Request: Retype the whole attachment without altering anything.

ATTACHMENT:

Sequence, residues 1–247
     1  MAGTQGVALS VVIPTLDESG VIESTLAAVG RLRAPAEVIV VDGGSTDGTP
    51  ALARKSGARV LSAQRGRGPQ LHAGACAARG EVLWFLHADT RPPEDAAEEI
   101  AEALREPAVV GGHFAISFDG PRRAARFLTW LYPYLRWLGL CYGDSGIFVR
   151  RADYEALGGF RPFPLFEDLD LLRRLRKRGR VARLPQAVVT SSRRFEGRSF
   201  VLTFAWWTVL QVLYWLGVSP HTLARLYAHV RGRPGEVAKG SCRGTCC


Sequence, residues 1–247
     1  MAGTQGVALS VVIPTLDESG VIESTLAAVG RLRAPAEVIV VDGGSTDGTP
    51  ALARKSGARV LSAQRGRGPQ LHAGACAARG EVLWFLHADT RPPEDAAEEI
   101  AEALREPAVV GGHFAISFDG PRRAARFLTW LYPYLRWLGL CYGDSGIFVR
   151  RADYEALGGF RPFPLFEDLD LLRRLRKRGR VARLPQAVVT SSRRFEGRSF
   201  VLTFAWWTVL QVLYWLGVSP HTLARLYAHV RGRPGEVAKG SCRGTCC